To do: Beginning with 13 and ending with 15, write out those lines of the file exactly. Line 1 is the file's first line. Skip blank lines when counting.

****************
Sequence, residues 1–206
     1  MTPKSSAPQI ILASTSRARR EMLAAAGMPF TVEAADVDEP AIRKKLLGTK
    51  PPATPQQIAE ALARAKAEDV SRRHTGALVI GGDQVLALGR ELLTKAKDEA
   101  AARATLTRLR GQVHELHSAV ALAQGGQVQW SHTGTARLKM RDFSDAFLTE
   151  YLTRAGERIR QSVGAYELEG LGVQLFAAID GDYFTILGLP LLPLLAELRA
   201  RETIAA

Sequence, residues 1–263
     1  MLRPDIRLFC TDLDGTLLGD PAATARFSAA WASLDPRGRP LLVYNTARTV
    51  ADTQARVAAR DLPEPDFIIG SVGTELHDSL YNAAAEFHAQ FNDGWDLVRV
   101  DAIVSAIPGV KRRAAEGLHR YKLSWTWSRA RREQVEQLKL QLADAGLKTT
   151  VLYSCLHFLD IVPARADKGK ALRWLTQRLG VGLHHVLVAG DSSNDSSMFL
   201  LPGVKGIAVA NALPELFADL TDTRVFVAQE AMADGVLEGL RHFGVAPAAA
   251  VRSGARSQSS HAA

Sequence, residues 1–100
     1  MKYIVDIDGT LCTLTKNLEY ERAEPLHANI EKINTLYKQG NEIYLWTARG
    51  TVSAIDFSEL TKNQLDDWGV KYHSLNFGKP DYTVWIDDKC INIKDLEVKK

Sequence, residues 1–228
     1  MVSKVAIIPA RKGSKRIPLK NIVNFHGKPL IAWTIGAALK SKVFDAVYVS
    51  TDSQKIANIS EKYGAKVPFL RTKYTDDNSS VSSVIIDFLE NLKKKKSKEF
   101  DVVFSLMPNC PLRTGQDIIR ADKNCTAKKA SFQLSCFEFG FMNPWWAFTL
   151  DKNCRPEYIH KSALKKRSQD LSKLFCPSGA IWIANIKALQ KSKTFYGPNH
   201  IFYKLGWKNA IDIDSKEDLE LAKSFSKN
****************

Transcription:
   251  VRSGARSQSS HAA

Sequence, residues 1–100
     1  MKYIVDIDGT LCTLTKNLEY ERAEPLHANI EKINTLYKQG NEIYLWTARG